2230 Rain lessened to a drizzle and died about an hour ago. Wind is in the process of dying? Changing? Too soon to tell. Juice boxes make me exceedingly happy. I should have bought more.
Sunrise over Isla Coiba.
0600 Jeff braved the night shift (gotta love being married to a night owl). Nothing too exciting to report. Fussy wind, fussy sails. Drizzle throughout the night. There is now a light S/SW wind. Not much progress, but at least it’s peaceful. More dark clouds this morning. Rain in our future? Probably. We seem to have encountered a counter current. We’re pointed W but heading NW. Hard to say if this is just tidal.
0800 Watching weather is like watching giants dance. The sunshine makes the storm clouds appear less threatening – it gives them a healthy glow.
0900 Checked into the Pan Pacific Net. Turned the engine on so we could get a boost and improve our radio transmission. It seems the storm clouds ran out of momentum by the time they reached us, the result being that we got a gentle little puff from the N/NW. I’m okay with that. If I knew it was going to be consistent it might be worth putting up the spinnaker. Wing on wing and we’re almost making 2 knots though the wind seems to be lessening and the sails are having a hard time staying full in the swell. Lots of nets and buoys in the water. Inadvertently caught one on the rudder, but was able to get it off with the boat hook.
1200 Two hours with close to no wind. Just trying to keep the boat at a comfortable angle to the waves while we bob around. Nimbus clouds erupting like kernels of popped corn. Since my shift started at 0600, we have made less than 10 miles of progress towards our destination. Wishing we had more of that N/NW breeze! Our peppers have already started to go bad. Looks like my produce selection skills have deteriorated. Not a fun discovery on Day 2 of a 14(?) day passage.
1330 Wind! Finally! Less than 10 knots from the S/SW. Amazing how much time I spend just surveying the water trying to spot the tiniest ruffle, her subtle gestures, hoping and praying for wind. Dolphins come to play at our bow. More rainbows!
Sunsets and rainbows and dolphins never get old.
1600 In the grips of an adverse current (tidal + nontidal at around 2 knots, maybe more, pushing us N) and 10 knots of wind on our nose. We are making little to no progress towards our destination. On the starboard tack we are on a NW angle making a tiny amount of western progress and on the port tack we are on a SE angle making the tiniest amount of southern progress. So basically, we are more or less standing still. Perhaps we ought to see how the motor does in these conditions.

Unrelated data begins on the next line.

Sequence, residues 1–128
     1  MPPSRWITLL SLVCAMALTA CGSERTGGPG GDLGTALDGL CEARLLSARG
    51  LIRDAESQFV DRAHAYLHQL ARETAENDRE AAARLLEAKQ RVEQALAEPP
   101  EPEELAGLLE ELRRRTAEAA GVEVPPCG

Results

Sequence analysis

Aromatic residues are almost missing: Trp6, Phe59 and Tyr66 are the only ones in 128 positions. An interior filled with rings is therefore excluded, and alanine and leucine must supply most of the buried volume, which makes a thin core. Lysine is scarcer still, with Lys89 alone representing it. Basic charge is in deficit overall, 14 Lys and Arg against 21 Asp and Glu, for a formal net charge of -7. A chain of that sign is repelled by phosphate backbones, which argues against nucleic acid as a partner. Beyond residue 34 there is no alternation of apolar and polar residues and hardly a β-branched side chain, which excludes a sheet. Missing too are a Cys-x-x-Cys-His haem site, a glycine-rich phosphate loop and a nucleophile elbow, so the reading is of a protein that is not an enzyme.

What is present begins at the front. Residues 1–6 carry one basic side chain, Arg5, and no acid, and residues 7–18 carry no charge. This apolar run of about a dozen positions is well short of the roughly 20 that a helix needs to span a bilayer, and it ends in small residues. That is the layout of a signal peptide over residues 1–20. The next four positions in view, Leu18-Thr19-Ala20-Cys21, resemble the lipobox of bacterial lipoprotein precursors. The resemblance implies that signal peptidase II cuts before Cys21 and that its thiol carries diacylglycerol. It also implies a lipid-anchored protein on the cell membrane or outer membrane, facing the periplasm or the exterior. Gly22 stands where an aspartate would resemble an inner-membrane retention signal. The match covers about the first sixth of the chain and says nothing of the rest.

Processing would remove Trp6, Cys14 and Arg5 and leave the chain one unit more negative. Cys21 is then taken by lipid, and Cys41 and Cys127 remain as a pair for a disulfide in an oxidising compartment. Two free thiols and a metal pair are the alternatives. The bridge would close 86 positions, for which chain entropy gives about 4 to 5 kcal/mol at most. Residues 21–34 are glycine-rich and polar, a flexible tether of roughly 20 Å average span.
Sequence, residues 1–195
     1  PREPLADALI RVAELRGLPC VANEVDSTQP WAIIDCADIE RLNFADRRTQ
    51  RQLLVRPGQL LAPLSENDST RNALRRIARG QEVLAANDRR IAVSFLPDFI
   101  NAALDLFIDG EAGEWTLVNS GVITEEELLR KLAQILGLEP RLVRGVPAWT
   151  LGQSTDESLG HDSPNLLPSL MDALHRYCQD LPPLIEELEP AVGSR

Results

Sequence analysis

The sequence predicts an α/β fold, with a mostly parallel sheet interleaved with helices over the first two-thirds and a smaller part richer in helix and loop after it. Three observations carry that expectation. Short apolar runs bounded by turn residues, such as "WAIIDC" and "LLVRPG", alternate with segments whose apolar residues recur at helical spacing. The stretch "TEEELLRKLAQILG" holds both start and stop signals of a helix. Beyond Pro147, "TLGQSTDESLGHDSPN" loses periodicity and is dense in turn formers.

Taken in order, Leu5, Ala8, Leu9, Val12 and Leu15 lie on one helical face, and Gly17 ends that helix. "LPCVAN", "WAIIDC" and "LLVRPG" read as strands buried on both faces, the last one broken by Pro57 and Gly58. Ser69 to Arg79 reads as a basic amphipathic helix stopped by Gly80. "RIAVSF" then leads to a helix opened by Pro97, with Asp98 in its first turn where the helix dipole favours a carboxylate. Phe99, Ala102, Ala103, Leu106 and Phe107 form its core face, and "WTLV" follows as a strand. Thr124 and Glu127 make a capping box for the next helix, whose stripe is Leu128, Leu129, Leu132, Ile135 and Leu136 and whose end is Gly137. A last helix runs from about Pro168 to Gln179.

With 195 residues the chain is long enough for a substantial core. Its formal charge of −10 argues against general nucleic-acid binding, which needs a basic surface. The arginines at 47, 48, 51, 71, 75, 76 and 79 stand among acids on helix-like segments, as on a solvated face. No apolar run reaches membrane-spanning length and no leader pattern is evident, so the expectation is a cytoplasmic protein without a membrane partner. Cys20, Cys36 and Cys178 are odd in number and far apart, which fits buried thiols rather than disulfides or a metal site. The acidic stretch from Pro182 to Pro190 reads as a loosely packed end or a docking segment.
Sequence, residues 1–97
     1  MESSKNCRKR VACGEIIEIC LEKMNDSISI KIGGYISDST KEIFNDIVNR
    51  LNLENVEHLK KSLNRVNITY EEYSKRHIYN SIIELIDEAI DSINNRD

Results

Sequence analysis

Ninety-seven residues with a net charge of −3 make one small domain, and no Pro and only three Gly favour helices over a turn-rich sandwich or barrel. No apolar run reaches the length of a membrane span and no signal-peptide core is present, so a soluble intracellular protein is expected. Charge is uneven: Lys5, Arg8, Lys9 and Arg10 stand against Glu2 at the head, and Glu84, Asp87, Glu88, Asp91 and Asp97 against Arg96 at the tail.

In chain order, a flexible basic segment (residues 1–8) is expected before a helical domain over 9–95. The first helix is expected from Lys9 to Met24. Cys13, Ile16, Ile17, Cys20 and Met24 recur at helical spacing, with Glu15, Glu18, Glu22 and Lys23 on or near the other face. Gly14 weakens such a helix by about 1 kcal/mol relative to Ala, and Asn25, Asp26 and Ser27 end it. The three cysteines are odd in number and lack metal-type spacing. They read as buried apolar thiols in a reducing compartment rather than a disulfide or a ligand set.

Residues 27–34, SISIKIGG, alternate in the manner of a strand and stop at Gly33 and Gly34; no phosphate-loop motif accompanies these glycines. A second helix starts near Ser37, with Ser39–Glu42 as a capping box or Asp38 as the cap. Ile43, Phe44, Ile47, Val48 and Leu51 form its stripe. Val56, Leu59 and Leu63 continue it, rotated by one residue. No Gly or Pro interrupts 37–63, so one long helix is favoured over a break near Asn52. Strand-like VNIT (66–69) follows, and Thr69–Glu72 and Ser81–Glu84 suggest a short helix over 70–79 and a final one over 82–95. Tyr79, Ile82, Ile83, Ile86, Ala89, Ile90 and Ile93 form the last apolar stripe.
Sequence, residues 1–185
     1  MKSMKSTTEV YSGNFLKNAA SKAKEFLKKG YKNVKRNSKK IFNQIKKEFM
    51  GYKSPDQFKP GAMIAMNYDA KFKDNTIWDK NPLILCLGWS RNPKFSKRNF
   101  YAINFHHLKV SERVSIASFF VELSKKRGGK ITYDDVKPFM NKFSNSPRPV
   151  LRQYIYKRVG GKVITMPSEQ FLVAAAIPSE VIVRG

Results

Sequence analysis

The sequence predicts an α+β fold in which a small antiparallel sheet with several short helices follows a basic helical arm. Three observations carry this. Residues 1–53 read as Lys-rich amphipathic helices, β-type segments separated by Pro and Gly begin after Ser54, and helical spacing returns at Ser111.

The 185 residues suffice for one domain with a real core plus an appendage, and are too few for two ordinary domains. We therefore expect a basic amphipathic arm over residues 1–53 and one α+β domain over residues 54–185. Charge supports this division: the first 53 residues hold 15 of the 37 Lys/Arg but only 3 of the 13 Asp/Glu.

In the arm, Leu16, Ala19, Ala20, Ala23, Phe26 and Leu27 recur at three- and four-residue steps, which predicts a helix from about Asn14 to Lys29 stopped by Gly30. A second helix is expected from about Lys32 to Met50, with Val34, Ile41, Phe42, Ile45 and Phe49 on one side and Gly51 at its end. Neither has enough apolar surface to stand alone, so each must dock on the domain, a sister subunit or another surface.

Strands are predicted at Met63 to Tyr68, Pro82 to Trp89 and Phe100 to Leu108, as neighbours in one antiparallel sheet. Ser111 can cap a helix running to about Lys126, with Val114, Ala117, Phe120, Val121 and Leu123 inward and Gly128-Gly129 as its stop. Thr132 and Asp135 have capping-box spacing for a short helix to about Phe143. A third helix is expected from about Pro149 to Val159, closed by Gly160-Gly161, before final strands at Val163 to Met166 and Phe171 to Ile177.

That little speck is isla Montuosa.
1630 Only 15 miles away from Montuosa, but the elements are conspiring. Under motor now and only making 2.5 knots. Waves are getting bigger, making for an uncomfortable ride. It’s gonna be a long day. Breathtaking rain clouds over Isla Montuosa. So close, yet so far away! Trying to embody the “we’ll get there when we get there” mentality…but I kinda just want to get there.
Rain clouds over isla montuosa.
1800 Yikes! Down to a crawl, plowing into stacked waves. Still about 10 miles away and now we’re making less than 2 knots. The current here is maddening. The wind isn’t too terribly strong, but it’s ordered up some uncomfortable conditions. This is feeling strangely reminiscent of our upwind trip to Panama City. I have a strong desire to crack open the can of Pik-Niks, but it’s only Day 2 and they are a precious (and depletable) commodity. Will power activated.
1815 Maybe we should just sail? It will take us longer but it will be more comfortable. Hoping that when the tide shifts the current will let up a little bit.
1900 Sails up and motor off! Jeff finally made the call. The motor gets old after awhile. The wind shifted a little to the SE at around sunset, giving us a better heading. Tide changed at 1845 and the current appears to be less evil. We can now make some S/SW progress (though still not an ideal heading. Moving along at a respectable 3.5 knots.
1975 Band of dark clouds on the horizon. Please spare us! Bouncing around in the chop. Exchanging happy thoughts and memories to make this suck less.
2130 Back to the motor since we otherwise would be tacking all night. The wind and current are still playing games with us, though with less conviction. Some rain, though not terrible. Making 3.5 knots. Isla Montuosa is so close I can smell it.
2230 We finally made it. Only took us 16 hours to do that last 20 miles. Anchor down in 32 feet of water. It’s rolly. We’re on edge. Now worried about that 4000 miles still ahead of us. We’ll worry about that tomorrow. Quesadillas and bed time. This island better be worth it!
0700 So worth it. This is the most beautiful island I’ve ever seen. The sight renders me speechless and pictures can’t do it justice.